Explanation of the research in layperson’s terms
- This antenna can operate in dual radio frequency bands at 5.2 GHz and 5.8 GHz respectively.
- The antenna can be used in the medical instrument to make it wire-free.
- The antenna is compact in size, thus can be accommodated in a small space.
- The antenna can operate simultaneously at both the frequency bands, thus at the same time it can help in forming links with another on-body antenna and makes the link with Wi-Fi.
- The antenna is validated in terms of Specific absorption rate, hence it is safe to use on the human body.
The paper further expounds on the social implication of this innovative research. Dr Chaturvedi explains that the antenna, being dual-band and dual-polarized, can function as a transceiver circuit. Due to different polarization, it can operate in both the frequency bands simultaneously without affecting the performance. In the first frequency band at 5.2 GHz, it can link with Wi-Fi and in the second frequency band at 5.8 GHz, it is able to communicate with antennas placed in other medical instruments which are used in the vicinity of the human body.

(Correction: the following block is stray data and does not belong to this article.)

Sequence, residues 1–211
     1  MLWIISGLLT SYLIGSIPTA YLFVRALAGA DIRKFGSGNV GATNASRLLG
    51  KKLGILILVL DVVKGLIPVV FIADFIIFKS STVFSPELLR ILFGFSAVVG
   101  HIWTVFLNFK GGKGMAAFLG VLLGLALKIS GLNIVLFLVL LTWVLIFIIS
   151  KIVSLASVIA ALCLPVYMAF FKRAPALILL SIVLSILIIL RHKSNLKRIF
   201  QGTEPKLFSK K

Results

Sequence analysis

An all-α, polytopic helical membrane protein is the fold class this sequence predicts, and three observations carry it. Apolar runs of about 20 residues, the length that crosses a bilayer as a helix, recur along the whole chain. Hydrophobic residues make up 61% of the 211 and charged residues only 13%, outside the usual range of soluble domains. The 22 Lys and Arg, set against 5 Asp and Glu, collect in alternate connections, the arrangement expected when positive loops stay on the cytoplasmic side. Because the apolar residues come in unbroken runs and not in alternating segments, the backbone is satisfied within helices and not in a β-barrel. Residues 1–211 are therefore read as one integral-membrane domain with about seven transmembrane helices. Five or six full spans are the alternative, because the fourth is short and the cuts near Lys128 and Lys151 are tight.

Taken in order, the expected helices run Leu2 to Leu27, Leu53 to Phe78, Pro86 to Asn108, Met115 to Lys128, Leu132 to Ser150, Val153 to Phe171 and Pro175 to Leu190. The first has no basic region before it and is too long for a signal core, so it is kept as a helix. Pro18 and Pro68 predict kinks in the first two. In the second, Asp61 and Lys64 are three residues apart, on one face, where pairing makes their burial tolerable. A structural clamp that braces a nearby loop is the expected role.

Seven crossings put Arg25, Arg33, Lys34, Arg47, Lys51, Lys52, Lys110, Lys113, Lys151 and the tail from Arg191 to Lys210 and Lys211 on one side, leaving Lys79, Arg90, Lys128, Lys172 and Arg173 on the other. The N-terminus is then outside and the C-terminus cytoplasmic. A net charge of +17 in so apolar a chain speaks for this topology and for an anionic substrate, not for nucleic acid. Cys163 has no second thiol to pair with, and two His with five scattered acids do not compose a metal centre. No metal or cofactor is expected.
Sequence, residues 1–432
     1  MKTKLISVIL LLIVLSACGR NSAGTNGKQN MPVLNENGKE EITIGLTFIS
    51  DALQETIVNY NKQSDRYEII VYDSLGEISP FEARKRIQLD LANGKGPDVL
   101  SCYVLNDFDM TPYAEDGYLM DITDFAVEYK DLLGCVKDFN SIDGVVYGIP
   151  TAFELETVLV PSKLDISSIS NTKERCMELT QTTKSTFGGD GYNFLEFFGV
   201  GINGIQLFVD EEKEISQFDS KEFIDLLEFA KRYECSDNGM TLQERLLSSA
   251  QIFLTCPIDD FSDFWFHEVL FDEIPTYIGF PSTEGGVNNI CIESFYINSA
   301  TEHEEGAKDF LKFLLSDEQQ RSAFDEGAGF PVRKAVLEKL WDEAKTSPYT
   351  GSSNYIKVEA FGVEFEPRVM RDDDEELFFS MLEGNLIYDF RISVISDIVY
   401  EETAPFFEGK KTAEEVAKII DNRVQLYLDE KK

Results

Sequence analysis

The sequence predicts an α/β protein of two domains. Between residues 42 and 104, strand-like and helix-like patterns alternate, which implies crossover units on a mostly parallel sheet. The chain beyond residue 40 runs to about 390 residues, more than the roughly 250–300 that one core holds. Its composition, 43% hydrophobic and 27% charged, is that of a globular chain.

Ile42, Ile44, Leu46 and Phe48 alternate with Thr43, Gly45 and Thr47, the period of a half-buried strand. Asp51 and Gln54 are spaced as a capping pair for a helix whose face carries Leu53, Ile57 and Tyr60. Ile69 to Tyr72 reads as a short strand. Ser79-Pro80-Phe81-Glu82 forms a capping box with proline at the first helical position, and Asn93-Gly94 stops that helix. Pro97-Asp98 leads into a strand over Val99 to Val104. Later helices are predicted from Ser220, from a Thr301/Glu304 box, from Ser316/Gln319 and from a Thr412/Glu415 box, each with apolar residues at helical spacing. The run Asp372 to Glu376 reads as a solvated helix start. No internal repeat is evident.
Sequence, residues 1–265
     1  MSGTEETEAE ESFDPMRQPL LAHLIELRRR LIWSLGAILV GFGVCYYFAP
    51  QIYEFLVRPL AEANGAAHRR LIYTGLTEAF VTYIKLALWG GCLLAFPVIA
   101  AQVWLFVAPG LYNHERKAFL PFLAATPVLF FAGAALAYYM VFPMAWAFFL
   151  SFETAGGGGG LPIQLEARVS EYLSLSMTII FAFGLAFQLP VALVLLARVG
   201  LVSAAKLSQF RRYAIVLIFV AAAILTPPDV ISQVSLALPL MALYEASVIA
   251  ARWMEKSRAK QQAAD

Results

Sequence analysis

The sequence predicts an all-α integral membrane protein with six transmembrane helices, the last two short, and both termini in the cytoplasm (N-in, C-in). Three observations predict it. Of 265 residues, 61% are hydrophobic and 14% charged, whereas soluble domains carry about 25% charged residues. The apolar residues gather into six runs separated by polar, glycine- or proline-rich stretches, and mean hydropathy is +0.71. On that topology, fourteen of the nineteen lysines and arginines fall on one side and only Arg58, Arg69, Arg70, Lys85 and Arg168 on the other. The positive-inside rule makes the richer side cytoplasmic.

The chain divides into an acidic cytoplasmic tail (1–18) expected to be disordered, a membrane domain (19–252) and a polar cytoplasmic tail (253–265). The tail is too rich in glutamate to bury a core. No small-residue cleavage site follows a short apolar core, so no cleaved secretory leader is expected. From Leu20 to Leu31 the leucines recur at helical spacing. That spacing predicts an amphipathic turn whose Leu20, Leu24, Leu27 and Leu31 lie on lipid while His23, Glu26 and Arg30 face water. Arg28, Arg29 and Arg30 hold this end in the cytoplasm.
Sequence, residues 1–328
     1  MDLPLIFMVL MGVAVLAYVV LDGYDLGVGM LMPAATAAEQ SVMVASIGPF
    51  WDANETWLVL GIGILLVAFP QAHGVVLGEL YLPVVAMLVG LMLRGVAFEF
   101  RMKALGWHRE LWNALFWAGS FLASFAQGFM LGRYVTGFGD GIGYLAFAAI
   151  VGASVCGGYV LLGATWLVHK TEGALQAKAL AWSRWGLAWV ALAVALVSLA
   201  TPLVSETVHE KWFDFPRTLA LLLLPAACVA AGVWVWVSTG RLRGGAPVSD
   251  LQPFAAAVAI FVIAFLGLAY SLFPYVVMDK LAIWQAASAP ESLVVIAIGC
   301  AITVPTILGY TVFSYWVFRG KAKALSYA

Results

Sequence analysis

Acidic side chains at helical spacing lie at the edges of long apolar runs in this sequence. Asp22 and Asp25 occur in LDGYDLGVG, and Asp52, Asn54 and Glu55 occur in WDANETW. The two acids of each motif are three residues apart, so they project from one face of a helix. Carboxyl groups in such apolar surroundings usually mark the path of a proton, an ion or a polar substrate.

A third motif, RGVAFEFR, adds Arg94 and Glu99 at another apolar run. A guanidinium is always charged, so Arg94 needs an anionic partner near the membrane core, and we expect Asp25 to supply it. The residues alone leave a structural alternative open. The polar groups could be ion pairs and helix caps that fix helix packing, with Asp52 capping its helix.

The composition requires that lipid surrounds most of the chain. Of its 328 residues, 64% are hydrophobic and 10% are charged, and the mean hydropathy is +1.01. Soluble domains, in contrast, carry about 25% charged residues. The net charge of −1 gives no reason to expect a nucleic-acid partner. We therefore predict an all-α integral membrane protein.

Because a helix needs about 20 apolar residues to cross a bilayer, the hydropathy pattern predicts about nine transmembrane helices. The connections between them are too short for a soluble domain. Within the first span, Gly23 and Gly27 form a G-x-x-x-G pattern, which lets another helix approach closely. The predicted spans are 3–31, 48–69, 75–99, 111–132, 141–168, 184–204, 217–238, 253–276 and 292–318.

1. Dr Arvind Kumar, Assis. Professor, b Department of Electronics and Communication
Engineering, VNIT Nagpur, India
2. Dr Ayman A Althuwayb, Department of Electrical Engineering, College of Engineering,Continue reading →
Jouf University, Sakaka, Aljouf 72388, Saudi Arabia
- Acing national-level innovation marathon November 23, 2022
Vishal and Akanksha, students of SRM University- AP, won the National level VOIS for Tech Innovation Marathon 2022, which began on October 14 in Pune. They received a cash prize of Rs.2 lakhs, along with certificates and mementoes. Vodafone India, Voice, and Connecting Dreams Foundation jointly organised the Technology Marathon-2022 competition to bring out the latent technological creativity among engineering students.
Five hundred sixty teams from all over the country participated in the competition. Third-year Computer Science Engineering students Vishal Kumar Singh and Akanksha Patil participated in the competition on behalf of SRM University- AP. Both showed excellent talent and bagged the first position in the three-stage project presentation, Q&A, and review competitions. The organisers rewarded them with Rs.2 lakh and other souvenirs.